Bregman is as forthcoming with his hitting mechanics, approach, and mental cues as any big leaguer out there. Here is what he had to say about his swing this year. This was a Zoom press conference with the media following the Astros game on September 25th against the Rangers.

Bregman says he wants to hit balls in the air to the pull side and on a line to the opposite field, but in reality, he was hitting flares to the opposite field and hitting them on the ground to the pull side.

The data mostly backs up that claim. In 2019, on balls hit to the pull side, Bregman had an average exit velocity of 90.7 MPH at an average launch angle of 16°, a 40% Hard Hit %, and a 16% HR%. Since Bregman has elite bat-to-ball skills, most of those metrics didn't change. In 2020, his average exit velocity was 90.6, essentially the same as 2019. His Hard Hit % was 42%, a touch better than in 2019. However, his average launch angle dipped from 16° to 11°, which contributed to his HR% dropping all the way to 9%. Bregman hit 47% of his pull side swings on the ground. In 2019, that number was 40%. He absolutely had less production to the pull side in 2020.

The data gets a little hazier going the opposite way when comparing 2019 to 2020, as Bregman actually performed slightly better to the opposite field in 2020 than 2019, but he also only had 20 batted balls to the opposite field all season. Considering the small sample size, it isn't worth diving too deep into the data.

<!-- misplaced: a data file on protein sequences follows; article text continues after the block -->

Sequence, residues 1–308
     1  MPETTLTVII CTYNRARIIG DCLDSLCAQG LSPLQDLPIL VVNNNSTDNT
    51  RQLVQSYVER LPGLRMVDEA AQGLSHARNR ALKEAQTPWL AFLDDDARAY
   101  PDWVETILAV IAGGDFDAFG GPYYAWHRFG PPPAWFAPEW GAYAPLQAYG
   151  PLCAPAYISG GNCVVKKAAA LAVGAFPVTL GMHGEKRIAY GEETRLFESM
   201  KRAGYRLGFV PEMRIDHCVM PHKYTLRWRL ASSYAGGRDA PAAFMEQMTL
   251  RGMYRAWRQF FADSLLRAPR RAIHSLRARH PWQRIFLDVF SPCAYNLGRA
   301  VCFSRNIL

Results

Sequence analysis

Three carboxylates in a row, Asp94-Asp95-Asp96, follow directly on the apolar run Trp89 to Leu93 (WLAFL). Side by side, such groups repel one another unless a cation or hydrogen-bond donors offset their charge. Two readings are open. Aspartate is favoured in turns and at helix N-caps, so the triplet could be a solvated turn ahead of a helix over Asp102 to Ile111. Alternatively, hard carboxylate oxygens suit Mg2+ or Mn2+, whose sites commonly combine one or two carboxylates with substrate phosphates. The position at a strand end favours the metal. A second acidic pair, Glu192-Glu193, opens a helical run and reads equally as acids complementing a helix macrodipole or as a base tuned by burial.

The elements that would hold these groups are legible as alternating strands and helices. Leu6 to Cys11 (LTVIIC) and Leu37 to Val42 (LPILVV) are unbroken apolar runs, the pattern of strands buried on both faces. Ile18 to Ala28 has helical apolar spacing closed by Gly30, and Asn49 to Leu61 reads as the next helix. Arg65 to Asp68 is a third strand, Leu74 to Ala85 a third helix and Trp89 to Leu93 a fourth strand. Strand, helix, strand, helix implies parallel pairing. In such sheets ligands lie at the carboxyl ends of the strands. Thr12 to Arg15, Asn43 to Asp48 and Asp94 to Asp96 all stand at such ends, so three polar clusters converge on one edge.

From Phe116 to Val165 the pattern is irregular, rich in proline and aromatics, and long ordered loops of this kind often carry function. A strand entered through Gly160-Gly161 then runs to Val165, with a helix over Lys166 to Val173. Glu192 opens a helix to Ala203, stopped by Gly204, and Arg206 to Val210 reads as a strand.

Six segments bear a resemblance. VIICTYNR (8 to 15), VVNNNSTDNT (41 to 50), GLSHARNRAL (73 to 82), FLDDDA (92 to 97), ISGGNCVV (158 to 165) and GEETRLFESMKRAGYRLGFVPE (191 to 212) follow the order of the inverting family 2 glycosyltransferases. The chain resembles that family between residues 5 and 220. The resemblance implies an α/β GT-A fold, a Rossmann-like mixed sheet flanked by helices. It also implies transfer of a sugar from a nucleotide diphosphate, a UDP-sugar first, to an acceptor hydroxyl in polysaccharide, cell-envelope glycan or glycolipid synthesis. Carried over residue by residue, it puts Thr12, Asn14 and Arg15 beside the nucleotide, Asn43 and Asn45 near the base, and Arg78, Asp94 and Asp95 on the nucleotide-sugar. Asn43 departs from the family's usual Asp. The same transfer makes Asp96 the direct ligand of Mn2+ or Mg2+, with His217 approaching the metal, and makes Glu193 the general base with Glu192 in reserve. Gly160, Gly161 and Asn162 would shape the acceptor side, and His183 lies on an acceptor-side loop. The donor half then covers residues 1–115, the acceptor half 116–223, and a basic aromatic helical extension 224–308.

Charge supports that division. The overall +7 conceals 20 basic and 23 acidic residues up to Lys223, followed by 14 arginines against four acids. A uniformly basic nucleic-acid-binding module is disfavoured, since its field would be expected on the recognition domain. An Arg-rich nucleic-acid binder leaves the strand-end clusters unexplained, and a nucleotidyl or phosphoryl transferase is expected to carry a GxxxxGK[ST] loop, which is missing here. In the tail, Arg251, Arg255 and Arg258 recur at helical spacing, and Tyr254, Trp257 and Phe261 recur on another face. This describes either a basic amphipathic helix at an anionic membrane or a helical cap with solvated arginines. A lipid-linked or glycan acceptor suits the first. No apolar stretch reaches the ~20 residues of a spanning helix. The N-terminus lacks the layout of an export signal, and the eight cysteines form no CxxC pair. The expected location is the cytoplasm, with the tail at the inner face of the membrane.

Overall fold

He's right that most of the balls he hit that way were flares. He had an average exit velocity of 83.4 MPH with an average launch angle of 32°, but that's about the same as what he did in 2019. A lot of the statistical drop off comes from balls that were backspun rockets to the pull side in 2019 becoming top spinners or roll overs in 2020.

Bregman also performed horribly against breaking balls in 2020. He batted .150 with a .250 SLG against them in 2020. He had an 84 MPH Average Exit Velocity against them and whiffed 26.5% of the time against them.

It was a far cry from 2019, when he hit .265 with a .588 SLG, 87 MPH average exit velo, and whiffed 18% of the time.

Those numbers lend credence to his statement on his mechanics. It's tough for a hitter to have adjustability against breaking balls if he's blowing out his front side and pulling off of the baseball.

Bregman will spend the offseason working on these mechanical fixes and getting back to the hitter he used to be. If he's consistently hitting the ball in the air to the pull side next year, and he's performing better against breaking balls, then he should be right back in the mix for AL MVP.